To the Editor;

I want to thank the Journal for the words of appreciation expressed on my behalf last week.

I would also like to clarify my stance relative to the Starbucks permit.

I do accept their entry into our community as a standalone cafe. My objection is to the variance granted to allow them to operate with a drive-thru, thus allowing Starbucks to skirt the normal parking requirements to which all other related businesses must adhere. This section of the bylaw, written many years ago, deliberately imposed such demanding parking requirements in order to make it nearly impossible for drive-thrus to exist.

Unfortunately, I was not paying attention when the Dunkin' Donuts permit was granted which is even more egregious as it violated a clear prohibition in the town plan that expressly disallowed any drive thru that exited onto 7A.

Incidentally, much has been said of other towns, such as Stowe, which has managed to carve out a very successful niche market. Stowe contains but one small fast food operation and no nationally-branded lodging chain, all due to very strict zoning bylaws and very cautious interpretation by the town boards. That being said, we are encountering a larger issue that requires more serious thought and conversation. We are becoming more welcoming of national chains in the food and lodging area of our economy, with the argument being that they represent a new class of assets that bring new opportunities to the town. The argument is also being advanced that these businesses, in and of themselves, will bring new business to town that doesn't currently exist.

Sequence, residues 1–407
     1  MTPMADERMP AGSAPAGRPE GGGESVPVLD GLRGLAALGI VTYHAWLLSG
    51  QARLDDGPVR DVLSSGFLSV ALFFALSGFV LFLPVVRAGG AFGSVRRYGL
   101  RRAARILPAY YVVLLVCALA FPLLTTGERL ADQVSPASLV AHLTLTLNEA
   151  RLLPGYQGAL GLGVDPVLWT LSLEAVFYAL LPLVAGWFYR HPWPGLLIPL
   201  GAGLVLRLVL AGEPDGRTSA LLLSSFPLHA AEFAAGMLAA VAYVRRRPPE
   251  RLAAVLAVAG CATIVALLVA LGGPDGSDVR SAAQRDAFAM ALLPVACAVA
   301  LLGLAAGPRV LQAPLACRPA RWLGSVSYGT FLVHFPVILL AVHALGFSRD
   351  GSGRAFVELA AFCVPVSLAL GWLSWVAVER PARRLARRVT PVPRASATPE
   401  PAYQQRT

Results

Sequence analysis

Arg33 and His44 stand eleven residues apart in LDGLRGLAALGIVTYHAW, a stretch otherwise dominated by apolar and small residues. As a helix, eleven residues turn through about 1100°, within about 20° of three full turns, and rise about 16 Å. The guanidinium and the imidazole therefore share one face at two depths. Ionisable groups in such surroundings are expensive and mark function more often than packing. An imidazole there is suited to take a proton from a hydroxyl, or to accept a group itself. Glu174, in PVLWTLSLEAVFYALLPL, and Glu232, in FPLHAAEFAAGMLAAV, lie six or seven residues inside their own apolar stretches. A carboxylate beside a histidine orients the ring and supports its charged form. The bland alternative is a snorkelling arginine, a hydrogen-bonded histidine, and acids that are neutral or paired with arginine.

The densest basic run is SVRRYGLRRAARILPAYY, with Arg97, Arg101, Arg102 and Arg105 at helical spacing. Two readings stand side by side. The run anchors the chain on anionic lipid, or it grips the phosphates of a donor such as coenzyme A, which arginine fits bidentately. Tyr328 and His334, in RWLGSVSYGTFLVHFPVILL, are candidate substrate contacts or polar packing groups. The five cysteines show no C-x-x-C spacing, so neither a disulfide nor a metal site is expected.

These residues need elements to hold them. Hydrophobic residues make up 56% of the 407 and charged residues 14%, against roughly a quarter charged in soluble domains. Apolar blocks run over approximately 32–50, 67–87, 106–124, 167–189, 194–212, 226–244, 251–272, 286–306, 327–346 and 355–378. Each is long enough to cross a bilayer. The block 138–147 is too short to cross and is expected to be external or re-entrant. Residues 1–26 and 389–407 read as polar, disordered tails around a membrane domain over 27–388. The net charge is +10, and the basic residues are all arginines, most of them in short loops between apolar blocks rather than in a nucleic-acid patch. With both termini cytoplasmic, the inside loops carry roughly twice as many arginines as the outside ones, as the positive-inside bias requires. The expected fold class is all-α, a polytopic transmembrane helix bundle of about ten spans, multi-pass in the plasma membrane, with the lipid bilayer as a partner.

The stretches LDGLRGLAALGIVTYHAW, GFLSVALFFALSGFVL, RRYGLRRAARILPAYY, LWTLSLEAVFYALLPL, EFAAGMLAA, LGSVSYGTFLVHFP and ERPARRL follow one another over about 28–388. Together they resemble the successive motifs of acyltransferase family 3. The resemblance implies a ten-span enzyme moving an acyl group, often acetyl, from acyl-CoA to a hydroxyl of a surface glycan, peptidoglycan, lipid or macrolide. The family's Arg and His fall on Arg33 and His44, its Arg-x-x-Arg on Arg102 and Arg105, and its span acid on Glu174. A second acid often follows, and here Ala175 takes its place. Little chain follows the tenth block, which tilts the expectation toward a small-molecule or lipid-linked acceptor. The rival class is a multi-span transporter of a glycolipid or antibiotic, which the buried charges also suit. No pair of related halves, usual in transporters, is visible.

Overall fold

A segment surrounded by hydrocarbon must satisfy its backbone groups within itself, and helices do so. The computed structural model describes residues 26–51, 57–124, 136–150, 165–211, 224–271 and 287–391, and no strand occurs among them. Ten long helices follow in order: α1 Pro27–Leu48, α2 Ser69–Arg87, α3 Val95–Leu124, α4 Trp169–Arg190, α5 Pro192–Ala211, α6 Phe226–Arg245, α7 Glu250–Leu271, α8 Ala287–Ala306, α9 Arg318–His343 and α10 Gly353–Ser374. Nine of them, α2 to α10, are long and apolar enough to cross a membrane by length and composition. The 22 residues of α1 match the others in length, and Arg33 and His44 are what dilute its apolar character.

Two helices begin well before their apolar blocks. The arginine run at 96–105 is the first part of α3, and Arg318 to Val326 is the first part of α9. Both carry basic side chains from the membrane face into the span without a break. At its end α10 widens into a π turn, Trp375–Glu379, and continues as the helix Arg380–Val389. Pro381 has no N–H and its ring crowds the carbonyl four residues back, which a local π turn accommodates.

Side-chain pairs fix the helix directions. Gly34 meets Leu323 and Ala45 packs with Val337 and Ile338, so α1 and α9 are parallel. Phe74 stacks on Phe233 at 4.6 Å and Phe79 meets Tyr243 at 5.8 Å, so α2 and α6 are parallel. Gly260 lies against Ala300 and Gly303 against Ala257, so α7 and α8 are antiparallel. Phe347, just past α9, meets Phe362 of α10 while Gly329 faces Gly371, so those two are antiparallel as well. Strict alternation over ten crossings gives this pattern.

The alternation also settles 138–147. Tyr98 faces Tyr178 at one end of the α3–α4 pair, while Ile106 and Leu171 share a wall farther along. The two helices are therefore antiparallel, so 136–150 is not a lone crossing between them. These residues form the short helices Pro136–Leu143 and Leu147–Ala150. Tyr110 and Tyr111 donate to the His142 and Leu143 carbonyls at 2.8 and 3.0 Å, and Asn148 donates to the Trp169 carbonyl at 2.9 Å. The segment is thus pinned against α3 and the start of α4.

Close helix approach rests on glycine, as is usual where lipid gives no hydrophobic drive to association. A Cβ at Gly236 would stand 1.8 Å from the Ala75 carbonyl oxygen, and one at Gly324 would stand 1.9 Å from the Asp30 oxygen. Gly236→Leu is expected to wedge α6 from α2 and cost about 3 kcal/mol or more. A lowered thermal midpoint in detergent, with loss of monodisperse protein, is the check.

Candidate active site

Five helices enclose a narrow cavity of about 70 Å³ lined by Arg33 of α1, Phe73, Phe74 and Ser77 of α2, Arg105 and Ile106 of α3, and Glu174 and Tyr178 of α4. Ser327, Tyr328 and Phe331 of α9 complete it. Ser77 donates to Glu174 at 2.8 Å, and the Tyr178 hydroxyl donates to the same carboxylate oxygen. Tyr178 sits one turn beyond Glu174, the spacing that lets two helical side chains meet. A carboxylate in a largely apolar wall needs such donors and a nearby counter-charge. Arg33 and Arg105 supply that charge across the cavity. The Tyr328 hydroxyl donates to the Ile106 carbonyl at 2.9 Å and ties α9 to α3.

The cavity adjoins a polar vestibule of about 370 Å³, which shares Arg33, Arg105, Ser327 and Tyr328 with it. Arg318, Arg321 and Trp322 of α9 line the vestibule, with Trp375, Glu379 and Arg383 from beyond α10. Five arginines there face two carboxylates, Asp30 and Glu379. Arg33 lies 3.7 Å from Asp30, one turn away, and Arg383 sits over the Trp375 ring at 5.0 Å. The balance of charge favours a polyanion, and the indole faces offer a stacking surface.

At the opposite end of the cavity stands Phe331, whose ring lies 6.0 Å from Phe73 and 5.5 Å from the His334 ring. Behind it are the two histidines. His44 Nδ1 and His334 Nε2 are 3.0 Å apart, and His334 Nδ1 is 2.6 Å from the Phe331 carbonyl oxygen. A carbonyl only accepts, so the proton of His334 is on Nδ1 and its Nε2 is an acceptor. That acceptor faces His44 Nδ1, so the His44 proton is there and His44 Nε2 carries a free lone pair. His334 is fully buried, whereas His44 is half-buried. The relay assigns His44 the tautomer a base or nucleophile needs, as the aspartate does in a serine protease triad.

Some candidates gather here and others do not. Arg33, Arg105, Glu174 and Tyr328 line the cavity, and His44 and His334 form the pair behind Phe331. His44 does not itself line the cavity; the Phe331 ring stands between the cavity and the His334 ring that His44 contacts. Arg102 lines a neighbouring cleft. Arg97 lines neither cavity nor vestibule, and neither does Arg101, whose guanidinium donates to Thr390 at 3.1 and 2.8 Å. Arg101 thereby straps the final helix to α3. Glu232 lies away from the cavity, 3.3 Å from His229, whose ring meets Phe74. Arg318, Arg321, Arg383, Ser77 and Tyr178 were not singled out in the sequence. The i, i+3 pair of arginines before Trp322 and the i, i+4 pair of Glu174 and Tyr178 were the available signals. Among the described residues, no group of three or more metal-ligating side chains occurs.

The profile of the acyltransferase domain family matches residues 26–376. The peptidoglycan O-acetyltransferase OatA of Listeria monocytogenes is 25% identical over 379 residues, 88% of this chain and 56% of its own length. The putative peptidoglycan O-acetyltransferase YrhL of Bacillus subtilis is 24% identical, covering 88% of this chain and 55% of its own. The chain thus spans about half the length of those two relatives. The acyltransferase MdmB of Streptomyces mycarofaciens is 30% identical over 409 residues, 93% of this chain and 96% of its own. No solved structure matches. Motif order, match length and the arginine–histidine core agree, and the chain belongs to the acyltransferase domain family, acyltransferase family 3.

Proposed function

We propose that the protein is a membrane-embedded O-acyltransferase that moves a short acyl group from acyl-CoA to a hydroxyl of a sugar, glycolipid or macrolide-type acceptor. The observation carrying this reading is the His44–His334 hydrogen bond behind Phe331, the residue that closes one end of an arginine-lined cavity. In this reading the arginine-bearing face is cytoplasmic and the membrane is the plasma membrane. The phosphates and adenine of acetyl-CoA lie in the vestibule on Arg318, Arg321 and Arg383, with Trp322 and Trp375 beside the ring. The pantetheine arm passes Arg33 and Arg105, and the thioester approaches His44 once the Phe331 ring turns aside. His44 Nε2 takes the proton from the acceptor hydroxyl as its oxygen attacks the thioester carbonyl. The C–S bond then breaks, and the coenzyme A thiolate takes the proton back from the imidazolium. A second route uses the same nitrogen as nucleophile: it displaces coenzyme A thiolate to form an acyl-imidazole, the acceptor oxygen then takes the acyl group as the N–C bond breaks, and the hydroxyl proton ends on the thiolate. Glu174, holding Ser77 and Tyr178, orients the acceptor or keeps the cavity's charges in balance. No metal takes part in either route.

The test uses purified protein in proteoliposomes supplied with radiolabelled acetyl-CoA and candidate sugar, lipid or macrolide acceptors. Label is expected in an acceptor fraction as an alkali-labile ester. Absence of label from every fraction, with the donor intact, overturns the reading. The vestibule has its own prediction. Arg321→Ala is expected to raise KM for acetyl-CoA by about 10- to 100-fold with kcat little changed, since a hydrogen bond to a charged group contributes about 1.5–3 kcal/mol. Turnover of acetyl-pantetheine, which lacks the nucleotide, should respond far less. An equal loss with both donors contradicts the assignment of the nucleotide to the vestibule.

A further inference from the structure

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We are accepting these arguments strictly on anecdotal evidence instead of with the justification of valid marketing studies. If the economic pie was growing substantially then it might make sense to allow more players to participate. But when the pie is growing slowly, or not growing very much all, then the new business generated from the arrival of a new national chain comes substantially at the expense of existing businesses. In our case (the town of Manchester) it will come at the expense of long-standing local businesses which have been the mainstay of our community, both economically and socially. I recognize this is a discussion that has many facets that could easily fill many issues of this paper. And do not mistake me as someone who is anti-development, as some may be quick to do - heaven knows, the inventory of projects I have invested in to date and still have in the pipeline should summarily dispel that notion. My point is that we need to be cautious, more deliberative and more demanding when these national chains want entry into our community, otherwise we risk becoming Anytown, USA, and thus lose that distinct economic advantage that comes from being unique.

Bill Drunsic

Manchester